No-Go Subjects - The American Spectator | USA News and Politics
No-Go Subjects

The Arabist historian Bernard Lewis, who is considered safely mainstream by the media, didn’t receive much flak from it for saying several years back that the prospect of Eurabia was real. Lewis predicted that the continent would be majority-Muslim by the end of the century. They “seem to be about to take over Europe,” he said. The only question, he said, is, “Will it be an Islamized Europe or Europeanized Islam?”

But the media isn’t interested in hearing such sober points raised these days. In the wake of the Paris attacks, it has been policing discussion of Europe’s obvious Islamic immigration problem. Woe to the politician who dares broach the subject, as Louisiana Governor Bobby Jindal is learning.

CNN has been browbeating him for discussing de facto “no-go” zones in European cities that non-Muslims and police tend to avoid. Jindal’s remarks haven’t been refuted, but the media treats them as unhinged anyways and demands to know when he will “walk them back.” For the media, the existence of such places is of less alarm than that politicians would talk about them.

Over at proudly enlightened MSNBC, guest Arsalan Iftikhar said Jindal’s remarks indicate that he “might be trying to scrub some of the brown off of his skin.”

CNN and MSNBC feel empowered to gang up on Jindal now that Fox News has apologized for its reporting on no-go zones in Europe, an apology that appears excessive in one line of it: “To be clear, there is no formal designation of these zones in either [England and France] and no credible information to support the assertion there are specific areas in these countries that exclude individuals based solely on their religion.”

While it is true that governments haven’t formally recognized these areas as no-go zones, plenty of credible information confirms their existence. Even if police and non-Muslims can technically go into these areas, they don’t.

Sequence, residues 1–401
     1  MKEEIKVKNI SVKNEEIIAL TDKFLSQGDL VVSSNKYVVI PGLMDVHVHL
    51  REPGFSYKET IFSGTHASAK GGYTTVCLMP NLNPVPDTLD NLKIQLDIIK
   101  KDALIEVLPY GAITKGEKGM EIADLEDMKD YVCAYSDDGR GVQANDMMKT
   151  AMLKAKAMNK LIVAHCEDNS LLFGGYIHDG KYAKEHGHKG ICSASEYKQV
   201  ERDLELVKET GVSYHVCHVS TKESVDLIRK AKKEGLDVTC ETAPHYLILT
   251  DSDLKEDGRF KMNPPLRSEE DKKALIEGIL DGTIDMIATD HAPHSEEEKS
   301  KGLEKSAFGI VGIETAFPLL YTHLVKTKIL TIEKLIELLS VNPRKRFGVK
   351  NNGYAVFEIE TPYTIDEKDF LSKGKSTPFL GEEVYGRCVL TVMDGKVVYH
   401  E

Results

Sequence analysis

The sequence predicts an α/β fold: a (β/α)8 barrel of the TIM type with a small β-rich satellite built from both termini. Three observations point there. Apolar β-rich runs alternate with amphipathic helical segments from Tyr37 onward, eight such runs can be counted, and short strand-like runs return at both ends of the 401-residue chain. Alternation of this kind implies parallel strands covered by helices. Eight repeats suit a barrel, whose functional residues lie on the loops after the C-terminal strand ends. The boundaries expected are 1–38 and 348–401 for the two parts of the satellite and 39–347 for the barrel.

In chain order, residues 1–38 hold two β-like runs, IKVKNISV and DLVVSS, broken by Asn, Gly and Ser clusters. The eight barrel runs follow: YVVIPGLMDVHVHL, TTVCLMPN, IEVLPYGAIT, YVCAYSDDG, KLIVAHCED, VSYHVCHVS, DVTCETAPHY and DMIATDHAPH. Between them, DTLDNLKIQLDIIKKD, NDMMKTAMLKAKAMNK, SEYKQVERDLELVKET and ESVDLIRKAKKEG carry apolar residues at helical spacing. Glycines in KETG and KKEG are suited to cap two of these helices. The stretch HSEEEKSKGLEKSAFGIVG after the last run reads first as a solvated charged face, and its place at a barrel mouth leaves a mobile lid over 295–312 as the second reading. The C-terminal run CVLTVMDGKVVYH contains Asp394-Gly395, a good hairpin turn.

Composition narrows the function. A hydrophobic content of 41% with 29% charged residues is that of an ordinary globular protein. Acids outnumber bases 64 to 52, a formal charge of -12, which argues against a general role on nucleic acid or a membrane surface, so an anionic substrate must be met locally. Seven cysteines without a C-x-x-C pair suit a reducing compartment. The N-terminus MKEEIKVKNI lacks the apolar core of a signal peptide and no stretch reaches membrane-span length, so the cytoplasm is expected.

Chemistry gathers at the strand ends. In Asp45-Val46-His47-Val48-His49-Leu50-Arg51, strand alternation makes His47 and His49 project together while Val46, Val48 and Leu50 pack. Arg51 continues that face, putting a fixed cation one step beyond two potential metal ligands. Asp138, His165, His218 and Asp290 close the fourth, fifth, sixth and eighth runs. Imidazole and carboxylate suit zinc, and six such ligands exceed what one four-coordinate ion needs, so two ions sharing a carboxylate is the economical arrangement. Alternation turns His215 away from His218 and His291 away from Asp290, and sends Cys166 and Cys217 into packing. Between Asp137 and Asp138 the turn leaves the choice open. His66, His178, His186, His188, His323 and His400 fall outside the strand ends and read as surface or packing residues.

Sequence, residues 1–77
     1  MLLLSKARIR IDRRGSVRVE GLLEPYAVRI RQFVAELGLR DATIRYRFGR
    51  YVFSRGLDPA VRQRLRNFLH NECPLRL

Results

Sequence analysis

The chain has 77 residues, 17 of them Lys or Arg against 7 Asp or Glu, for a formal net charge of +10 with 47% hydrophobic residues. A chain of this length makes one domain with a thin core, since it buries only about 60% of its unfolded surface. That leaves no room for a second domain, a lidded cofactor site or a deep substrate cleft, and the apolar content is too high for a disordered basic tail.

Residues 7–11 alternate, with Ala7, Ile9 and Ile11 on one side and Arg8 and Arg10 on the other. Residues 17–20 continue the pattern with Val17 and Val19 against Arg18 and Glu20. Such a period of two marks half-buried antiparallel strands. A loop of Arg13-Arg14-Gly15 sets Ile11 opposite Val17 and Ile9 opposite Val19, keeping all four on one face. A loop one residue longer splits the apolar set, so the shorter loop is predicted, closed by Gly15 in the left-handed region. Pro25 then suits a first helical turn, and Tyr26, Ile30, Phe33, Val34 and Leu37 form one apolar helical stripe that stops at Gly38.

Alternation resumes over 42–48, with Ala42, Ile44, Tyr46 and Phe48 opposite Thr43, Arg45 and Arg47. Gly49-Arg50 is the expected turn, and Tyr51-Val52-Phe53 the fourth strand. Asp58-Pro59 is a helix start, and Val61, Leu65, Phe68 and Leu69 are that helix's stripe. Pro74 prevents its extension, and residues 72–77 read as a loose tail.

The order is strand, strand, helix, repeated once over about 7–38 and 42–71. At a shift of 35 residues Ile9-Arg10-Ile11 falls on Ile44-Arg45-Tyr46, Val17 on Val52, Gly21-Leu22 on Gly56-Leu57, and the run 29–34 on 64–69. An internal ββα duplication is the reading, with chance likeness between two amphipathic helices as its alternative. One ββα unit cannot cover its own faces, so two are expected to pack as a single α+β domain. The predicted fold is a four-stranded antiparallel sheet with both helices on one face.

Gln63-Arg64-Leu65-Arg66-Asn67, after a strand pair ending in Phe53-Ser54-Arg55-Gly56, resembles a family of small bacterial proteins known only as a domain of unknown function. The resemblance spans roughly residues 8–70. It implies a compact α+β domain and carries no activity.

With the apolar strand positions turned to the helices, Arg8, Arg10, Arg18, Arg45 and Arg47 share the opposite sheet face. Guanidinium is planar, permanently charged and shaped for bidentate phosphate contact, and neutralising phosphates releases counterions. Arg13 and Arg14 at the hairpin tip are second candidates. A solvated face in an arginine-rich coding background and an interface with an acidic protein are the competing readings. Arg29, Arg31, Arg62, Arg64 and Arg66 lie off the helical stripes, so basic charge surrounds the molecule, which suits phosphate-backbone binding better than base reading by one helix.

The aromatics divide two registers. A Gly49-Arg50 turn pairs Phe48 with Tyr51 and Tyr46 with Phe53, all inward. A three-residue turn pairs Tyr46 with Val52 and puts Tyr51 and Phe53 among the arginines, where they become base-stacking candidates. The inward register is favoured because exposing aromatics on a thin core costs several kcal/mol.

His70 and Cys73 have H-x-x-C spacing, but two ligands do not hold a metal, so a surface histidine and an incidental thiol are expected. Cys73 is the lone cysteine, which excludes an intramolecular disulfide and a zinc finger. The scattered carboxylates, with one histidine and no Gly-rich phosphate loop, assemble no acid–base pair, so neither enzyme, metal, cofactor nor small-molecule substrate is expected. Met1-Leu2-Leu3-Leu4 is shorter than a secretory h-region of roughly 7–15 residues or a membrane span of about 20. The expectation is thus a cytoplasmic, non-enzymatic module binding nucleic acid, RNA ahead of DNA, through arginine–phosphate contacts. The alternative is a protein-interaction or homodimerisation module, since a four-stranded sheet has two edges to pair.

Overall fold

But even properly qualified references to Muslim-dominated neighborhoods, as Jindal made (he never claimed the areas are formally called no-go zones), are unacceptable to the media. It intends to shut down all discussion on the subject.

In this media climate, almost all politicians will ignore the problem of Islamic immigration, even as its consequences, evident in France’s largely Muslim prison population, grow more visible. If they allow themselves any alarmism, it will be to fret over rising “Islamophobia.” The same media-political class that treats de facto no-go neighborhoods as “imaginary” considered the likelihood of anti-Islamic “backlash” after the Paris terrorist attacks to be real.

Reports about the possibility of backlash, based upon nothing more than speculation, appeared after the attacks. “Muslims and some experts said that it was inevitable that Muslims would fall under suspicion after the attacks,” pronounced the Associated Press. That’s “responsible” reporting, but stories on radical Islam’s growth in Europe qualify as bigoted conjecture.

After a guest on Fox News made the false claim that the English city of Birmingham is “totally Muslim,” David Cameron said “I choked on my porridge” at the absurdity of the claim. But the British prime minister didn’t give the percentage of the Muslim population in the city, which at around 25 percent is astounding enough and would have made a number of his predecessors choke on their porridge. They could never have imagined such a large Muslim population in England’s second largest city.

The English historian Edward Gibbon thought that only Islamic military conquest would bring a day in England when her schools and pulpits “might demonstrate to a circumcised people the sanctity and truth of the revelation of Mahomet.” It turns out that England’s immigration policy was enough to make that possible. The same is true in France, where abandoned churches have been converted into mosques not by conquest but by consent.

According to recent polling, 42 percent of French people support a ban on publishing cartoons of Mohammed. Such reports suggest an answer to Bernard Lewis’s question. An Islamized Europe is more likely than a Europeanized Islam.

To merely suggest that Muslims in Europe should “assimilate” is treated by the media as a species of Islamophobia. Even as liberals deny the existence of Muslim enclaves in Europe, they argue that it is only natural for Muslims to cluster together and resist an assimilationist push. The self-segregation that multiculturalism encourages made no-go zones inevitable and now punishes politicians like Jindal for noticing them. 

George Neumayr
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George Neumayr, a senior editor at The American Spectator, is author most recently of The Biden Deception: Moderate, Opportunist, or the Democrats' Crypto-Socialist?
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